This is your go-to spot for all things buying, storing, soaking, and cooking whole grains! There’s a handy grain cooking chart below for your regular reference.
Whole grains are a fantastic source of complex carbohydrates. Their bran, germ and endosperm are fully intact which means all of their natural fiber, vitamins, minerals, and protein are present. The refining process strips out these beloved nutrients, so whole grains we go.
Also, whole grains are helpful in balancing our blood sugar because they metabolize more slowly and don’t send us on the blood sugar roller coaster ride that processed and refined grains do. Choose whole grains over refined and include them as part of a balanced, healthy diet (as tolerated).
Preferably buy them in the bulk bins where there is higher turnover and less chance of them hanging out on the shelves in bags for, who knows how long. You can also only buy what you need to both manage your budget and ensure they are the freshest (which includes preserving taste and the grains’ vital nutrients). When buying corn or wheat-based grains, make sure they are organic or non-GMO.
Store grains in a sealed container, away from heat and light. They can be stored in the pantry for 6-8 months, in the refrigerator for 9 months, and freezer for about 12 months.
Soaking grains is a time-honored tradition. It cuts down on the cooking time and makes grains easier to digest. Not soaking is likely part of the reason some people don’t tolerate grains well. Reference the chart below for grain-soaking specifics.
Why soak grains? Grains have phytic acid, an anti-nutrient that binds up the minerals in the grain. Soaking degrades phytic acid and grants us access to those much desired nutrients. You can also ferment/sour or sprout grains, too. We’ll save that for another post though.
- Rinse all grains before cooking to remove any dirt.
- Soak grains in a bowl with water for 6-8 hours. Not all grains require soaking. And some definitely do. See the chart below.
- Optionally: Toast grains for a 3-5 minutes in a dry skillet over low-medium heat, until they give off a nutty aroma. This makes them more digestible and offers a nice texture, an especially good technique with brown rice.
- Optionally: Add 1/4 to 1/2 teaspoon of sea salt per 1 cup grains when cooking.
- Bring grains, sea salt, and liquid to a boil, then reduce heat to a simmer and cover tightly.
- Don’t lift the lid to peek until you think it is done; doing this interferes with the steaming process.
- Don’t stir grains while cooking, no matter how tempting! Stirring destroys the network of steam vents that develop and grains end up having an under cooked or sticky texture. Instead, tip the pot to the side to see if there is still liquid. If yes, keep cooking.
- If water remains after the grain is tender, simply drain it off. If the grain is too hard or dry, add a little water and cook a few minutes more. If you want more of a porridge, enjoy the extra liquid.
- Remove the lid and allow grains to sit for 5 minutes. Gently fluffy with a fork. For firmer grains, keep covered and allow them to rest for 5 minutes after removing from heat.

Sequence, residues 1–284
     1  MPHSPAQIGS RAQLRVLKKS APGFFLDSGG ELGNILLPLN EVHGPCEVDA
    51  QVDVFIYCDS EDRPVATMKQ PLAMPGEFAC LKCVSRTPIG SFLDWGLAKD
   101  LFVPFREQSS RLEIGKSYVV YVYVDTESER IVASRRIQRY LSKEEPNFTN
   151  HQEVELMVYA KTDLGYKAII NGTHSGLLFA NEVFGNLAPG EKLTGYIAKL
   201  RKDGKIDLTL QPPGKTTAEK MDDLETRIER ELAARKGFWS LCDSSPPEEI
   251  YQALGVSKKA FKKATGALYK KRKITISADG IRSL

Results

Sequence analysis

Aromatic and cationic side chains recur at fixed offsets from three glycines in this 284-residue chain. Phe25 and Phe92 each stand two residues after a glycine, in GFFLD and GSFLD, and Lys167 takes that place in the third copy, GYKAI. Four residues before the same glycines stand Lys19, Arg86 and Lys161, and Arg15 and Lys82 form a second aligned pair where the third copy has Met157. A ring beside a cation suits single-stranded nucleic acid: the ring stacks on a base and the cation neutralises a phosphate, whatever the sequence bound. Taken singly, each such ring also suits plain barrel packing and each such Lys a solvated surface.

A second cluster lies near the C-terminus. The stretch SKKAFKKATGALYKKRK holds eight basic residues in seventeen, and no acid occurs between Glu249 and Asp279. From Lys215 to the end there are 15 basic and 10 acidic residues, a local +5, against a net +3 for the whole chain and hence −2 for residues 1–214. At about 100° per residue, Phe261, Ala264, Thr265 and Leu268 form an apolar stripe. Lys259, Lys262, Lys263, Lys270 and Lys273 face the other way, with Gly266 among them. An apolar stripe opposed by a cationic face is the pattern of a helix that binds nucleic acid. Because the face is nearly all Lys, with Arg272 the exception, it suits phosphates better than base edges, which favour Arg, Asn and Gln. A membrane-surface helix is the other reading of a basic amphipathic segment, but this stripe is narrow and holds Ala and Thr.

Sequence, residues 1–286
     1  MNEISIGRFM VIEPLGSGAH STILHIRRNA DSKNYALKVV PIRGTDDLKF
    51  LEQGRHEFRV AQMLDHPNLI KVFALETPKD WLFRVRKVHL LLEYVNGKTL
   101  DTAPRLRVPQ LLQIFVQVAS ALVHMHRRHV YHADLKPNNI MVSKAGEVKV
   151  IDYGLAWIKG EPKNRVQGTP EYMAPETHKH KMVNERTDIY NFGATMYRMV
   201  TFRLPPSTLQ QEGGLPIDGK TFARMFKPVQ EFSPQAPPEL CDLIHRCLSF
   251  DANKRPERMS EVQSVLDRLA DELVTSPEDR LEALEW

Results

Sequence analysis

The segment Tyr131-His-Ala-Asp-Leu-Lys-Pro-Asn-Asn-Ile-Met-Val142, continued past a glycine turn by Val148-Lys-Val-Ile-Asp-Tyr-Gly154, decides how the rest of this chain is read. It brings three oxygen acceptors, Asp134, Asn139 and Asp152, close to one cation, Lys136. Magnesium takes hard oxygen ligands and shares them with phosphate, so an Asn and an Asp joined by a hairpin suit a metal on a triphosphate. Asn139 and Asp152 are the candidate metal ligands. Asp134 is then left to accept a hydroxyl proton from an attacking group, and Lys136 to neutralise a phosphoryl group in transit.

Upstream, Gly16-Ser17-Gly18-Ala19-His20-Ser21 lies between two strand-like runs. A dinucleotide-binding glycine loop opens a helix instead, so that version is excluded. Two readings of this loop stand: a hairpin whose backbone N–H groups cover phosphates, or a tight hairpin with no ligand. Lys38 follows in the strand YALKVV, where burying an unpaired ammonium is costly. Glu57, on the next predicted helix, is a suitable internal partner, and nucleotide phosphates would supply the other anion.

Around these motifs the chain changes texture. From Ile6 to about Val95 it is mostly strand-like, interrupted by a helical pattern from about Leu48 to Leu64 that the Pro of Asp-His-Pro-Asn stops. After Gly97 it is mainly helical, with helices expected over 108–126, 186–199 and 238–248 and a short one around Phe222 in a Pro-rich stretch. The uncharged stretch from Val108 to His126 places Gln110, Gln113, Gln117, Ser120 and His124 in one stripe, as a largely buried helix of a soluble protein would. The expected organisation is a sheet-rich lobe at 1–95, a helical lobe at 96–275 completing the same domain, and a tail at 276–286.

- Stir in butter, ghee, coconut oil, olive oil, or sesame oil for healthy fat and flavor.
Can I blend grains?
Yes, as long as they have similar cooking times. Wild rice and brown rice work well. As do steel cut oats, millet, and quinoa (a yummy whole grain breakfast blend). You can also stir in barley, rye, spelt, or kamut flakes, which take about 30 min to cook and add a nice texture.
What liquids can I use?
This is the fun part that allows you to impart more flavor. Use bone broth, beef broth, coconut milk, almond milk. Good old water works fine, too. Just make sure you don’t do 100% broth for example. Cut it with at least half water. Using a thicker liquid will make it mushier if you’re not careful.
Can I add spices?
Why yes. You can cook with fresh minced garlic, cumin, cinnamon, or one of my favorites: a pinch of turmeric and black pepper for color and good measure.
Meal prepping for the week ahead
Make your life easier and cook a batch of grains ahead of your week. Have them on hand to add to soups, salads, serve with vegetables and stirfries. They’re tried and true breakfast staples as well. Re-heat them on the stove and add a sprinkle of water to steam and keep them moist. Be sure to rotate grains and eat in variety.
GRAIN COOKING CHART
Printable version here:
|Grain||Grain to Liquid Ratio (cups)||Preparation|
|Simmer, covered for 25-30 minutes. (No pre-soak)|
|Simmer, covered for 60-90 minutes. (Must soak)|
|Simmer, covered for 15 minutes. If not soaked, simmer 40-60 min.|
|Simmer, covered for 10 minutes. Let stand 5-10 minutes.|
|Pour boiling water over and soak 30-40 minutes, no cooking needed.|
|Simmer, covered for 45-60 minutes.|
|Simmer, covered for 20-25 minutes. (No pre soak)|
|Simmer, covered for 50-60 minutes. (Must soak)|
|Whisk into boiling liquid, stir constantly 5-10 minutes. Cover and let stand. (No pre soak)|
|Simmer, covered for 15 minutes. Let stand 10 minutes. (No pre soak)|
|Add to boiling water. Simmer, covered, 30-50 minutes.|
|Simmer, covered for 45-70 minutes.|
|Simmer. Covered for 50-60 minutes, or 90 minutes if not soaked.|
|Simmer, covered for 50-60 minutes. (Must soak)|
|Steel Cut Oats||
|Simmer, coverer 20 min, or 5 min if soaked.|
|Simmer, covered for 15-20 minutes. (No pre soak)|
|Simmer, covered 50-60 minutes. (Must soak)|
|FLAKES: Rye, spelt, barley, kamut*||
|Add to boiling water, simmer, covered for 30 minutes. (No pre soak)|
Note that cooking time and liquids are approximate. Your stove and the age of the grain can cause variations in cooking time. Always check for doneness at least 5 minutes before the shortest cooking time listed. Allow more cooking time if needed.
GRAINS THAT CONTAIN GLUTEN*
If gluten intolerant, only choose oats that specifically say gluten free.